Re: [Discuss-sudbury-model]definition of democracy

From: candy <highland_at_RURALNET.ORG>
Date: Thu Oct 3 19:13:01 2002

Hi Joe,
    I'm stuggling with what needs to be included in a definition of
democratic education in preparation for the IDEC in Albany. When you
say "democracy does not necessarily respect the rights of individuals or
minorities" it sounds like an oxymoron to me. Democracy MUST respect
the rights of individuals/minorities or it is not democracy by my
definition. I'm aware of abuses of individual rights which have
occurred in schools calling themselves "democratic", but I don't think
the fault is in the concept of democracy. Democratic school
communities view liberty for individuals and equality between school
members as intrinsic parts of what constitutes democracy. I don't
believe that democracy is ever an end in any case; rather it's a process
- a way of living that promotes individual development, diversity of
ideas, and free interactions among community members. Thanks for
listening - Candy Landvoigt

Joseph Roach wrote:

>Does this mean that democracy is the end itself? Or is there some other driving reason?
>I do not see democracy as a good end in itself, because democracy does not necessarily respect the rights of individuals or minorities. Tyranny can exist as easily in a democracy as in a monarchy.
>If the reason for education is to encourage liberty for individuals and equality between members of the school, then democracy is the best method of rule. Democracy, as an end in itself, is empty.
>David, was this what you were getting at?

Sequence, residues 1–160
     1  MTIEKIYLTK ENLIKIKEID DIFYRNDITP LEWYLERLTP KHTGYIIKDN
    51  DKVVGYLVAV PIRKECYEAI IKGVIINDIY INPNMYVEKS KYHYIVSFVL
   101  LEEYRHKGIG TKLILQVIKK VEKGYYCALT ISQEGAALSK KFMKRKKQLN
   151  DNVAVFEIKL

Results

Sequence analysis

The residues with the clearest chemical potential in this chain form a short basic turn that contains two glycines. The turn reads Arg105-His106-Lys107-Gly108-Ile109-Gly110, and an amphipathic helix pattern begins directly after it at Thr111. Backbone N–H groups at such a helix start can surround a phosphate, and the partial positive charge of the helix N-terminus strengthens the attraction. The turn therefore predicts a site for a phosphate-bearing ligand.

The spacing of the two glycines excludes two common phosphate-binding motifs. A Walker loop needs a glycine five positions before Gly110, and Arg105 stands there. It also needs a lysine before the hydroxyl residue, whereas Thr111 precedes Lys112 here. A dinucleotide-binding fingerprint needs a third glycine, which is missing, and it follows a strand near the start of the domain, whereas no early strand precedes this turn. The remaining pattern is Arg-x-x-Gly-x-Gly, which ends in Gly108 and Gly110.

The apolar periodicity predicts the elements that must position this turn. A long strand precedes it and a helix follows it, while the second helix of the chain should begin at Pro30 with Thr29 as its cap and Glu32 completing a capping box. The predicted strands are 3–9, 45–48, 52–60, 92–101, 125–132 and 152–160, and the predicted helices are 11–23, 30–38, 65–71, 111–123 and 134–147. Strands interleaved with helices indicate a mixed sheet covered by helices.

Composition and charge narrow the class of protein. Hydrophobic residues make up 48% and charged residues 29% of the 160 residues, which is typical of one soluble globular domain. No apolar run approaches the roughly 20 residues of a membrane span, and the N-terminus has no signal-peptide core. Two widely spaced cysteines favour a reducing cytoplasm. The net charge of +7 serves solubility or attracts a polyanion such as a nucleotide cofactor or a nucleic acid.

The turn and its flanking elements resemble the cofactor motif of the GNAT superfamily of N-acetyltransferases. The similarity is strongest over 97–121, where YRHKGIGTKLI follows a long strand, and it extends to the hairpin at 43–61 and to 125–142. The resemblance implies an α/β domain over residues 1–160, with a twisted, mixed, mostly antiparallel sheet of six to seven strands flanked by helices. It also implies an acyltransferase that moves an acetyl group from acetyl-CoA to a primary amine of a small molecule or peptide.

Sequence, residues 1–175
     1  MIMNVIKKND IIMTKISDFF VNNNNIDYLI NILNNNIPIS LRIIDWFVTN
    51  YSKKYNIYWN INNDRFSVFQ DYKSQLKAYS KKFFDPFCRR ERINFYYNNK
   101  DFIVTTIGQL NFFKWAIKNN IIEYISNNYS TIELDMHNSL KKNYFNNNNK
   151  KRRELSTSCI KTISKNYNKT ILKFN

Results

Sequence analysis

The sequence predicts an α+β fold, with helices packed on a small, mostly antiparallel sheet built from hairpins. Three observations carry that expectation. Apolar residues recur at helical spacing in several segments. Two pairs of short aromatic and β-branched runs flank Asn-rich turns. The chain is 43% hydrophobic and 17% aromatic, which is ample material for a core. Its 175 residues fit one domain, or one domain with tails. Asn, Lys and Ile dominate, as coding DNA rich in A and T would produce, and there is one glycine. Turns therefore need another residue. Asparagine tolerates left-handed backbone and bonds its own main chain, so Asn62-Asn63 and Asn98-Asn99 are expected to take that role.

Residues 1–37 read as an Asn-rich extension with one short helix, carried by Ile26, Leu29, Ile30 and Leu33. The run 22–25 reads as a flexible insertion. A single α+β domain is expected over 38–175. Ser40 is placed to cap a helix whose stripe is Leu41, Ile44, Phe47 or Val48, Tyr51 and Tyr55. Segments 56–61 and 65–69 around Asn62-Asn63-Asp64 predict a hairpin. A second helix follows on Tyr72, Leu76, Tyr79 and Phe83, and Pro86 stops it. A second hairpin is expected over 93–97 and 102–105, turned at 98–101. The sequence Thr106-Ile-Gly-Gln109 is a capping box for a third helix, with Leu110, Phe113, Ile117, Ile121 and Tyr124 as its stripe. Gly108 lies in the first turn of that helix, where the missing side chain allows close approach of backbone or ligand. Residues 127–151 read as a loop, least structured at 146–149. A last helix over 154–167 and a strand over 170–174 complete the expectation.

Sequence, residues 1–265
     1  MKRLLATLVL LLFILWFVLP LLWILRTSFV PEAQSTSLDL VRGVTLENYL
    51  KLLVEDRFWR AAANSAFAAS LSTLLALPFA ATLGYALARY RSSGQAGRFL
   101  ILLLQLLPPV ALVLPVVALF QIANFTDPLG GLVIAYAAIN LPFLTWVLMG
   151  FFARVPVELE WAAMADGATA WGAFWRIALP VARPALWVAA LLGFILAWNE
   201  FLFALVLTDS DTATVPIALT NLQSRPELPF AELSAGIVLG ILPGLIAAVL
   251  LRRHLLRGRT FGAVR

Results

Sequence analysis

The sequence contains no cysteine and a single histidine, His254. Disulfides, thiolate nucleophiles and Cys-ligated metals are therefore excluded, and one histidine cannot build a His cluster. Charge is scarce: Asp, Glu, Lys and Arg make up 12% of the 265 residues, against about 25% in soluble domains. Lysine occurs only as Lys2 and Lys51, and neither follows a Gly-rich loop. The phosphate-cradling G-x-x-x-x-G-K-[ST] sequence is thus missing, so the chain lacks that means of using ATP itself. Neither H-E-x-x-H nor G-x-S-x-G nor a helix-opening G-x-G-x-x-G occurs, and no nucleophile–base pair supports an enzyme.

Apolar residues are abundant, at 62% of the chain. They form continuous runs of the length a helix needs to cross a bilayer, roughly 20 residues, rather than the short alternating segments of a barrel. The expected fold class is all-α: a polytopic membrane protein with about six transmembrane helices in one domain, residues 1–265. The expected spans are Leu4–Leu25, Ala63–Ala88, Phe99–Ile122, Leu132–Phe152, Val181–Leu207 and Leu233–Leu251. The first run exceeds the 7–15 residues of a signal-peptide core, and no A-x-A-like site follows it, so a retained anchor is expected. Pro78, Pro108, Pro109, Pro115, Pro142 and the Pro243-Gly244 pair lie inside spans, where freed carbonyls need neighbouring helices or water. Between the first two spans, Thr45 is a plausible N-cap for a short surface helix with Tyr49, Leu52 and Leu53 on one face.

>Best regards,
>Joe Roach
>The New School
>Newark, DE
>----- Original Message -----
>From: Scott David Gray <>
>Date: Tue, 3 Sep 2002 11:38:13 -0400 (EDT)
>To: <>
>Subject: Re: [Discuss-sudbury-model]definition of democracy
>>On Tue, 3 Sep 2002, Default wrote:
>>>would you kindly define democracy.
>>Many people would check a dictionary, but I can understand
>>the reason for your question. Many schools claim to be
>>democratic, but don't really mean it.
>>The word "democracy" is rarely used in the context of
>>education to refer to actual government by the governed or
>>equality before the law.
>>Anyway, here's the definition I get from --
>>which applies perfectly to any Sudbury Model school:
>>>de·moc·ra·cy Pronunciation Key (d-mkr-s)
>>>n. pl. de·moc·ra·cies
>>> 1. Government by the people, exercised either directly
>>>or through elected representatives.
>>> 2. A political or social unit that has such a
>>> 3. The common people, considered as the primary source
>>>of political power.
>>> 4. Majority rule.
>>> 5. The principles of social equality and respect for
>>>the individual within a community.
>>How does this work in practice in a school? Check
>>The bizarre disconnect between our nation's schools, and our
>>cultural and national support of Democracy, was one of the
>>reasons for the founding of Sudbury Valley and the Sudbury
>>School movement. One of our first books -- the Crisis in
>>American Education -- addresses this head on. See
>>--Scott David Gray
>>reply to:
Received on Thu Oct 03 2002 - 19:12:33 EDT

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